What are the Symptoms of Oxygen Toxicity?

nausea, stomach pain, oxygen toxicity, oxygen, o2Oxygen therapy is a lifesaver for people with COPD and other chronic (ongoing) illnesses, its benefits known to increase survival, relieve symptoms, increase exercise tolerance, improve health-related quality of life and more.[1] But what happens when you get too much oxygen? And under what circumstances could this occur?  Let’s explore this further.

History of “Pure Air”

Oxygen has existed in our atmosphere for 5 billion years, its concentration insignificant until approximately 2.5 billion years ago when the first photosynthetic organisms appeared. Joseph Priestly, the man who discovered oxygen in 1774, was one of the first to propose that adverse events may be associated with this “pure air” we now know as oxygen. But it wasn’t until 1878 that the first important contribution in the field of oxygen toxicity was made when Paul Bert, a French physiologist, demonstrated the effects of oxygen toxicity on larks. To this day, the toxic effects of oxygen on the central nervous system (CNS) are referred to as the “Bert Effect.”[2]

Who’s at Risk for Oxygen Toxicity?

In general, there are two medical settings in which oxygen toxicity might exist: the first where the patient is exposed to very high concentrations of oxygen for short periods of time (e.g. hyperbaric oxygen therapy); the second where lower concentrations of oxygen are used, but for longer periods of time. These lead to what we often refer to as acute (sudden onset) and chronic (persistent, ongoing) oxygen toxicity. The acute effects often manifest as CNS symptoms while chronic effects manifest in the lungs.2

Symptoms of Oxygen Toxicity

Symptoms of oxygen toxicity are most dramatic in the central nervous system (brain and spinal cord) and the lungs and include the following:

    • CNS toxicity – early symptoms of CNS toxicity tend to come on suddenly and include twitching around the mouth area and small muscles of the hand. Facial pallor (ashen hue) and cogwheel breathing (peculiar, jerky inhalations) are also seen. If exposure to oxygen continues, vertigo and nausea occur, followed by behavioral changes (irritability, anxiety, confusion), clumsiness and finally convulsions. It’s important to note that CNS toxicity is often accelerated by factors such as increased carbon dioxide in the blood, stress, fatigue and cold.2
    • Pulmonary toxicity – symptoms of pulmonary toxicity affect the lower respiratory tract including the trachea (windpipe), bronchi (air passages) and lungs. The initial sign of pulmonary oxygen toxicity manifests as a generalized pain behind the sternum (breastbone). This pain often becomes widespread, increases in intensity and is accompanied by a cough. Extreme cases may result in permanent scarring (fibrosis) of the lung tissue that is irreversible.[3]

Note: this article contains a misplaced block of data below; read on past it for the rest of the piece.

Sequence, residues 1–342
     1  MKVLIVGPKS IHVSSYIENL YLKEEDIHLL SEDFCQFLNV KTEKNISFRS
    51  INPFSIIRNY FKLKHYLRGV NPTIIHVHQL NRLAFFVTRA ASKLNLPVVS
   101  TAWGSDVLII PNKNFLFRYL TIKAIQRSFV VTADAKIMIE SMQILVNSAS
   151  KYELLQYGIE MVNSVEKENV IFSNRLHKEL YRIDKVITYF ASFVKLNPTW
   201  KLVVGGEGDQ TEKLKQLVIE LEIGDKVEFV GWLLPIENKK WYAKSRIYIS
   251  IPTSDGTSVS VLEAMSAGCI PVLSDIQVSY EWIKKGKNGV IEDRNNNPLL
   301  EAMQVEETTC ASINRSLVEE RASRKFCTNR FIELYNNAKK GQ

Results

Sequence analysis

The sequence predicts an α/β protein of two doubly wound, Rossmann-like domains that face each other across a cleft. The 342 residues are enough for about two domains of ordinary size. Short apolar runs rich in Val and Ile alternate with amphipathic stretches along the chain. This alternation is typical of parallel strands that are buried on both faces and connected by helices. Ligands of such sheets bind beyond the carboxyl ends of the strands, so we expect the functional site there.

The average patient using oxygen therapy according to their doctor’s instructions is not at risk for oxygen toxicity. Those at highest risk for oxygen toxicity include deep sea divers, hospital patients, especially infants born prematurely who need supplemental oxygen and people who are undergoing hyperbaric oxygen therapy for carbon monoxide poisoning, cyanide poisoning and a host of other conditions.3

For more information about oxygen toxicity, talk to your primary care provider.


[1] Stoller, James K. MD, MS, FCCP et. al. Oxygen Therapy for Patients With COPD: Current Evidence and the Long-Term Oxygen Treatment Trial. Chest. 2010 July; 138(1): 179–187. doi: 10.1378/chest.09-2555. PMCID: PMC2897694.

[2] CHAWLA, A., & LAVANIA, A. (2001). OXYGEN TOXICITY. Medical Journal, Armed Forces India57(2), 131–133. http://doi.org/10.1016/S0377-1237(01)80133-7

[3] Campbell, Ernest S., MD. Pulmonary Oxygen Toxicity. January 23, 2002.

2 thoughts on “What are the Symptoms of Oxygen Toxicity?”

  1. Curious says:

    Can a high altitude resident experience a degree of such toxicity if flying to a sea level destination with a sudden landing?

    1. Inogen Inogen says:

      Hi Curious, To answer your questions briefly, no, but if this is a concern of yours you should consult your primary care doctor before you fly. When you fly on commercial airlines, the cabins are pressurized to avoid changes in altitude. The people at the highest risk for oxygen toxicity are deep sea divers, hospital patients, especially infants born prematurely who need supplemental oxygen and people who are undergoing hyperbaric oxygen therapy for carbon monoxide poisoning, cyanide poisoning, etc.

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